Many people in Mississippi were shocked when hearing the news that a 29-year old resident at a long-term health facility had given birth to a baby boy. The resident had required round-the-clock nursing care since the age of three and suffered from profound intellectual and physical disabilities. After an investigation during which male staffers were required to submit their DNA for testing, investigators determined that a male nurse had fathered the baby.
For too many elderly or incapacitated people in Mississippi, abuse or neglect inside a nursing home is a fact of life. Family members may be concerned about how they can protect people who may not be able to advocate for themselves, especially if they are dealing with dementia, developmental disabilities or other conditions that make them less able to speak about their experiences. Several disturbing incidents have highlighted the potential for abuse in the nursing home context, including a young developmentally disabled woman who was raped and beaten and a woman in a vegetative state who was discovered to be pregnant.
Mississippi residents may have heard about a story involving a woman in a vegetative state who gave birth in December 2018. The woman had been in that state for roughly two decades when her son was born. Although nursing home caretakers were watching over the woman on a 24/7 basis, no one has acknowledged anything out of the ordinary took place prior to the event. According to one person familiar with the incident, she would not have been able to defend herself against a sexual assault.
The history of almshouses, charitable housing for the poor, old and distressed, predates the settlement of America. Over the years, conditions in these facilities have been the subject of much debate. With the post-Depression establishment of government-funded social programs and the advent of Medicare and Medicaid, skilled nursing facilities grew exponentially to care for the aging population. Unfortunately, the quality of care in Mississippi nursing homes is not always ideal.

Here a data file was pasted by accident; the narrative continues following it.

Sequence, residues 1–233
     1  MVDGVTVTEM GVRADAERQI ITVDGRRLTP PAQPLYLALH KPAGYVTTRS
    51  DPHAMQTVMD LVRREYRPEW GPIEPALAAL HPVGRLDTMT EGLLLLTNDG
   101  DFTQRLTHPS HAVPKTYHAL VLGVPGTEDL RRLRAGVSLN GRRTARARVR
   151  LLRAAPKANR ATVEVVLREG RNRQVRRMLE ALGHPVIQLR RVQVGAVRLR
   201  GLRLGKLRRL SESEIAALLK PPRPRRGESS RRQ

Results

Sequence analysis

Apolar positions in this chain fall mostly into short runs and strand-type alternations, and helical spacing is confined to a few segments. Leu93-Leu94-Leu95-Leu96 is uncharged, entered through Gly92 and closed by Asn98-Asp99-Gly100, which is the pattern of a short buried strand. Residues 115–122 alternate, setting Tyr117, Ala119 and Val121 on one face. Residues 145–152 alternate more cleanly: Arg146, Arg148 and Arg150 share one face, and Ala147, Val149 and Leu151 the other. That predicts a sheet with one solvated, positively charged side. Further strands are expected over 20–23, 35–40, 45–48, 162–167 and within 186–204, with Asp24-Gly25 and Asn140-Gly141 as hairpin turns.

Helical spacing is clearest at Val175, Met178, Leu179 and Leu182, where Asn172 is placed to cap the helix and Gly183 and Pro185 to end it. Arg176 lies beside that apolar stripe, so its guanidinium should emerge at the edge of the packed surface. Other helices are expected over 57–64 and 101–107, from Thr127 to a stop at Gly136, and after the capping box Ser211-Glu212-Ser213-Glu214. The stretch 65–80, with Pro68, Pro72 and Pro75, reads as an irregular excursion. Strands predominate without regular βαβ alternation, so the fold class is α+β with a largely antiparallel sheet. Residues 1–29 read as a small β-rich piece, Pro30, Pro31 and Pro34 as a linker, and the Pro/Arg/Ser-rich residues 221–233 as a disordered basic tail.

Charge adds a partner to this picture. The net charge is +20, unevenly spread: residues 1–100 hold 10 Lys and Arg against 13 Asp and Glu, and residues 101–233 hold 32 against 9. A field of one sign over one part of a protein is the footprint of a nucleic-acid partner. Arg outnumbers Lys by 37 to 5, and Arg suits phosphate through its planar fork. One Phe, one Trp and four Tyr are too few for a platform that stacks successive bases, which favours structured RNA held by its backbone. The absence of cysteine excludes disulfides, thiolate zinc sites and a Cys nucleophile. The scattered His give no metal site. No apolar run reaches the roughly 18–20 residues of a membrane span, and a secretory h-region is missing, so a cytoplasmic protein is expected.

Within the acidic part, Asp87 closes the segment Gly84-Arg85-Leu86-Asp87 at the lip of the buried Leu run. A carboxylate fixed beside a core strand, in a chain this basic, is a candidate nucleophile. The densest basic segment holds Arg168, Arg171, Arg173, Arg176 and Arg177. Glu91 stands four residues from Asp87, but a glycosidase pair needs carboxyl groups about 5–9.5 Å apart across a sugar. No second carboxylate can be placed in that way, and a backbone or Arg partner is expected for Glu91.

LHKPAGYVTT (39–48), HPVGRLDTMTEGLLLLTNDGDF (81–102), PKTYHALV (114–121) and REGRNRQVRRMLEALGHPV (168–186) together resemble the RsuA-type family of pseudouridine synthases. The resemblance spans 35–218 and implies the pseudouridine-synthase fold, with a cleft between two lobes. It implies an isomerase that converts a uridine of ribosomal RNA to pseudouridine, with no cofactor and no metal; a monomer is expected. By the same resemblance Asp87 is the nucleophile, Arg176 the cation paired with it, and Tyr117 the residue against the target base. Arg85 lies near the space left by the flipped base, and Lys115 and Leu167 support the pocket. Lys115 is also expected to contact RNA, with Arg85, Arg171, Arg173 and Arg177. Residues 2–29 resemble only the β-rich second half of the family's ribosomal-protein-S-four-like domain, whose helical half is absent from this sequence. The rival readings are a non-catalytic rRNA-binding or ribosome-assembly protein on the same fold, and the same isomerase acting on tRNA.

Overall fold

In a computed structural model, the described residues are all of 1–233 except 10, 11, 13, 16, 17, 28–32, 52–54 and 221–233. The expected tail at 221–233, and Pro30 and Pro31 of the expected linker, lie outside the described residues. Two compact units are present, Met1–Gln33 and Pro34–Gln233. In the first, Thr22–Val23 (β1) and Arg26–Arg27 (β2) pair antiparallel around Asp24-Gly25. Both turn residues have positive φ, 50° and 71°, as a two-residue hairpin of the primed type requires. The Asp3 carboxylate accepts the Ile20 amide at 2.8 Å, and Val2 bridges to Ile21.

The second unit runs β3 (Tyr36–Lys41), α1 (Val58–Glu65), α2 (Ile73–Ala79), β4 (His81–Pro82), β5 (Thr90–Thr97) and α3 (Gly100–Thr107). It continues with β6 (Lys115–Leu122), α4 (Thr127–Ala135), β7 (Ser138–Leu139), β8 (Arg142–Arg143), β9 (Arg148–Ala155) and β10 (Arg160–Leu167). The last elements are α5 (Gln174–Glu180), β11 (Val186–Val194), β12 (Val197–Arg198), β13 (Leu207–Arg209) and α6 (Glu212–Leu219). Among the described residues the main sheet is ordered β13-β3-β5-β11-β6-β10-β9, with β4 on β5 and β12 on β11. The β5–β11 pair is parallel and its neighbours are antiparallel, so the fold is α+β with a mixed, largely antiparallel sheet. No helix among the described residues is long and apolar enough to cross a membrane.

Families in Mississippi may be concerned about the standard of care their elderly parents and other loved ones are receiving in nursing homes. Reports of nursing home neglect and abuse can send chills up the spines of even the most dedicated family members who have thoroughly researched their elderly relatives' care providers. According to one study, residents in for-profit nursing homes are almost twice as likely to have health problems as a result of negligent or substandard care than those living in nonprofit facilities or community homes.
Reports of neglect in Mississippi nursing homes and throughout the country are increasing at an alarming rate. Investigations of these incidents typically reveal the problems to be due to understaffing, a lack of training provided to the staff or a combination of both. Far more pernicious is the rise of intentional abuse inflicted on the elderly residents by their caretakers.
Of all the forms of abuse prevalent in nursing homes, neglect is the most common one. Simply put, neglect takes place any time an individual does not get the level of care they require; for example, when a man from Mississippi in his 80s has problems feeding himself and doesn't get fed regularly by a caregiver, this is considered neglect and abuse, which is a very serious matter and needs to be handled immediately.
Nursing homes in Mississippi are generally geared to create a community atmosphere for those who live in them. They also tend to have skilled nurses and other medical professionals on staff. However, there are issues that an individual may not be aware of when entering a home or entering a family member into one. For instance, some nursing homes don't allow lawsuits and instead require arbitration.
Health care facilities in Mississippi and throughout America may benefit from a new Trump administration policy. He is rolling back fines that were levied against nursing homes that had been cited for abuse or neglect in the past. During the Obama administration, two-thirds of nursing homes that were cited for severe violations received fines. Under the new policy, homes will either not be fined or will receive smaller ones.
Many Mississippi residents have loved ones that are in nursing homes and may be shocked by the prevalence of nursing home neglect and abuse. A recent congressional report highlighted the extent of the problem, pointing to a need for major reforms.